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Title: The Changing Face of Job Loss in the United States, 1981-1995
Authors: Farber, Henry S.
Keywords: displacement
job loss
Issue Date: 1-Jun-1997
Citation: Brookings Papers on Economic Activity: Microeconomics, 1997.
Series/Report no.: Working Papers (Princeton University. Industrial Relations Section) ; 382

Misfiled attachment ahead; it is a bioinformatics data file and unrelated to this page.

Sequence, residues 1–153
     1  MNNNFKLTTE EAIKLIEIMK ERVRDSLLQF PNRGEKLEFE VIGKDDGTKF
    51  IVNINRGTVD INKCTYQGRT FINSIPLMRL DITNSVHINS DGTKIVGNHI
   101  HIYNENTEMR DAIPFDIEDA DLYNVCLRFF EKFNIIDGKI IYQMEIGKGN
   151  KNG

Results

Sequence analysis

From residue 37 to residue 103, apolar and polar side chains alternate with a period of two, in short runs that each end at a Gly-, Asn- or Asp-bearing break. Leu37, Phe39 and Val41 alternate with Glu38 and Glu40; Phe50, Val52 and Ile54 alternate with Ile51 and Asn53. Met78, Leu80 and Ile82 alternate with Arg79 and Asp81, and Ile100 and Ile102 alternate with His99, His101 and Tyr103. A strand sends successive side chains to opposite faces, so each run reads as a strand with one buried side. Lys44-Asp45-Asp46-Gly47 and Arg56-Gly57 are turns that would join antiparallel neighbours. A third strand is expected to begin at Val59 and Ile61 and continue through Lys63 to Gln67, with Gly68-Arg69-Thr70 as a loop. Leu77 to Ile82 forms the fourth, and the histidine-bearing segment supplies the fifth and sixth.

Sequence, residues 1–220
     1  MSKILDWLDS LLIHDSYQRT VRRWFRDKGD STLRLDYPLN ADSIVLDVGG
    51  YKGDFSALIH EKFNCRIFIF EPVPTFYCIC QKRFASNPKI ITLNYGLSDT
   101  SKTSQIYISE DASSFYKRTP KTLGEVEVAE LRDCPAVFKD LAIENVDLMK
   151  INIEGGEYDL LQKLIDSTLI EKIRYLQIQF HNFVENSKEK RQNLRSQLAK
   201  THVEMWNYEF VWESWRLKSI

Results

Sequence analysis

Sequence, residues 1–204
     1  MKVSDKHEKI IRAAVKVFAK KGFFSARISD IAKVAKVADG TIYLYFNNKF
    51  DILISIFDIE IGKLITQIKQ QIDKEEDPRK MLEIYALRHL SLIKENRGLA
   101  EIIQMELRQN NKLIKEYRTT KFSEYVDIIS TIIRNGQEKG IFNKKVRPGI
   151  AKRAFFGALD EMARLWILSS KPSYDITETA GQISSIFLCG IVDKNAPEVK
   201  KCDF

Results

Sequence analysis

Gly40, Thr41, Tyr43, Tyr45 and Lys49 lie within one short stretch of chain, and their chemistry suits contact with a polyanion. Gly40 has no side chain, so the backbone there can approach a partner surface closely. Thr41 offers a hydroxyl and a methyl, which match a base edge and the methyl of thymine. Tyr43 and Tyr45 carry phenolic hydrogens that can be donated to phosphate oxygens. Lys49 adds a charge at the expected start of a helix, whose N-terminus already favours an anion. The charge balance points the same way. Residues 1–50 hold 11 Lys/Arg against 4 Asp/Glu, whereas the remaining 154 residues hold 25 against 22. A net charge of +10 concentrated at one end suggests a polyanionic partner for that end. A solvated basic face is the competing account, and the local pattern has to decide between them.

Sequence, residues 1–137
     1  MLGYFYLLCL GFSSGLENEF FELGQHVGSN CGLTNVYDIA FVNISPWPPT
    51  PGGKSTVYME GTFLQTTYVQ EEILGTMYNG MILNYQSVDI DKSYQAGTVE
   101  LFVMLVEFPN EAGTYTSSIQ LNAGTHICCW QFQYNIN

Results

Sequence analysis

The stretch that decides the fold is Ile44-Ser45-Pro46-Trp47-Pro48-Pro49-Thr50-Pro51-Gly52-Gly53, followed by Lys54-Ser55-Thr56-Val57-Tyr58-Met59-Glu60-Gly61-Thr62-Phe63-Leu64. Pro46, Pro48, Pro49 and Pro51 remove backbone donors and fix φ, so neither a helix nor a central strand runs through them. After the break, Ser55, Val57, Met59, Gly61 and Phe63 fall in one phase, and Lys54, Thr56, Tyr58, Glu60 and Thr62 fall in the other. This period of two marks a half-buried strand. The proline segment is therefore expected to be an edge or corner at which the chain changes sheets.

Abstract: I examine changes in the incidence and consequences of job loss by reported cause between 1981 and 1995 using data from the Displaced Workers Surveys (DWS) from 1984-1996. The overall rate of job loss has increased in the 1990’s despite the sustained expansion. The increase in job loss is larger for more educated workers, but less-educated workers continue to have the highest rates of job loss overall. The rate of job loss due to plant closings has been fairly constant over time while the rate of job loss due to “slack work” , an important category primarily for less-educated workers, moves counter-cyclically and has decreased somewhat in recent years. The most substantial changes are increases in the last several years in the rates of job loss for more-educated workers due to “position or shift abolished” and for all workers due to “other” (unspecified) reasons. I also examine the consequences of displacement for several post-displacement labor market outcomes. These include a substantially lowered probability of employment and an increased probability of part-time employment. The more educated have higher post-displacement employment rates, are more likely to be employed full-time. Those re-employed, even full-time and regardless of education level, suffer significant earnings losses relative to what they would have earned had they not been displaced. This wage loss has primarily taken the form of a decline in earnings for the less educated, while more educated workers have suffered a smaller earnings decline but have lost the significant earnings growth that accrues to otherwise-equivalent non-displaced workers. Job loss due to position/ shift abolished, a growing category for more educated workers, has particularly severe negative consequences for earnings and may be related to corporate downsizing and restructuring. The source and meaning of the large increase in job loss for “other” reasons remains a mystery.
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